These are designed with rollers over which tubing is stretched and locked in place [Figure:6]. As the rollers of the pump gently roll over the tubing, compression waves are created that push a specific amount of fluid away from the handpiece. This creates a negative pressure in the aspiration tubing which, depending on the level of the negative pressure, draws fluid out of the eye. Peristaltic pumps usually have 4-6 rollers. Aspiration flow rate is the rate at which fluid and emulsified nuclear particles are removed from the eye when the phaco tip is unoccluded. AFR is measured in units of cc/min. In a peristaltic system, when the AFR is increased the pump rotates faster. Vacuum and aspiration are separate components in a peristaltic system and can work hand-in-hand. Aspiration draws intracameral fluid and structures to the tip and as these partially or completely cause occlusion of the tip, vacuum builds up and tends to draw these into the aspiration tubing.
A scroll pump is very similar to a peristaltic pump. Instead of rolling over the tubing, the pump scrolls in direct contact with the fluid. Each rotation removes a specific amount of fluid and gives rise to a buildup of some vacuum.
Vacuum transfer devices (VTD)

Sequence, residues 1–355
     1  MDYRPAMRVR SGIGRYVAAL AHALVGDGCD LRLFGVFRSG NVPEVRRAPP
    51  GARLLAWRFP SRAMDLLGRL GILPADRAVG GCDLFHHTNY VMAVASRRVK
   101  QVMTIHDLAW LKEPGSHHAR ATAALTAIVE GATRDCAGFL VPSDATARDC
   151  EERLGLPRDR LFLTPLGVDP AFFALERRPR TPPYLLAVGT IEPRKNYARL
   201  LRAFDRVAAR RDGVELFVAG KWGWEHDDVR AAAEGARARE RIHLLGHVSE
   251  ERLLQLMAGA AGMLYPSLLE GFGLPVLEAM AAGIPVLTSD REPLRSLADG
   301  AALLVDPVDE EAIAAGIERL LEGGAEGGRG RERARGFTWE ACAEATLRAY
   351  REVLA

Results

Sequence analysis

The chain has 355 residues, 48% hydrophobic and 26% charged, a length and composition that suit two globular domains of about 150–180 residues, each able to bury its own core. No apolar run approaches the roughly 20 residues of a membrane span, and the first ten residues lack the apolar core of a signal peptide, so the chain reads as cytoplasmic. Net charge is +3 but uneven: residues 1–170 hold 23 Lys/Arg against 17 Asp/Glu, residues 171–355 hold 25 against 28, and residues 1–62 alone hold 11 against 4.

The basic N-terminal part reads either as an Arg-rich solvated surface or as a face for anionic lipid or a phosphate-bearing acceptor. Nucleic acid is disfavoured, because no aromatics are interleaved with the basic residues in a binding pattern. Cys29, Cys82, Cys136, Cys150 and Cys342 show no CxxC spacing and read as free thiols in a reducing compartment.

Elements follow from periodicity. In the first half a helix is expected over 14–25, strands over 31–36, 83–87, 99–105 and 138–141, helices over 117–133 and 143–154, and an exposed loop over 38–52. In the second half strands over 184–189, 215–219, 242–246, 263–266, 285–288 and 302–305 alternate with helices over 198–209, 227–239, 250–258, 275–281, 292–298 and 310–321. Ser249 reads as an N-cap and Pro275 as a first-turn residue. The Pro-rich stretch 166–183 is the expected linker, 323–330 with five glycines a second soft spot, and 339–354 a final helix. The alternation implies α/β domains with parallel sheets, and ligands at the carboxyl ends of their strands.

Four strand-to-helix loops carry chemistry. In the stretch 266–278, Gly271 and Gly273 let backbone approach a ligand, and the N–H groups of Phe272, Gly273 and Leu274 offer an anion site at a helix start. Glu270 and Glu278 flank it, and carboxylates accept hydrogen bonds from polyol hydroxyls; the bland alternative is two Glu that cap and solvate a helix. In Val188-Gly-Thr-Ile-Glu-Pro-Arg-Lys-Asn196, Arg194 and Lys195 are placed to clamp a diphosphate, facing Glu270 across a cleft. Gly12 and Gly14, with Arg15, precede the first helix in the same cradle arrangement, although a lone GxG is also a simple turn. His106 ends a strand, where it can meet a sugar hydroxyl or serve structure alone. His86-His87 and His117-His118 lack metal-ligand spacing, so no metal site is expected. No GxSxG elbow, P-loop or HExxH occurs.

These create a vacuum somewhere within the system and transfer the vacuum to another place within the tubing system [Figure:7]. Examples of such pumping systems are the Venturi system, diaphragmatic and rotary vane pumps. The difference between vacuum transfer devices and peristaltic pumps is the direct relationship on the movement of fluid in the fluidic system. When the peristaltic pump turns, a certain amount of fluid is moved. With the VTD the vacuum generating device creates a vacuum which in turn moves the fluid in the fluidic system. The irrigation head pressure causes fluid to flow towards the area of low pressure (generated in the cassette and reflected into the aspiration tubing). As the vacuum pressure difference tries to equilibrate itself there is flow. This flow is controlled only by the vacuum difference and cannot be directly changed. These systems typically have a rigid cassette for fluid collection. As the collection chamber fills, the fluid dynamics will change slightly due to the smaller air volume in the cassette. When the cassette is full the aspiration will stop unless the waste material is transferred or emptied. In a vacuum transfer system, the "ASP" setting on the panel of the machine corresponds to aspiration pressure in mm Hg on the transfer side.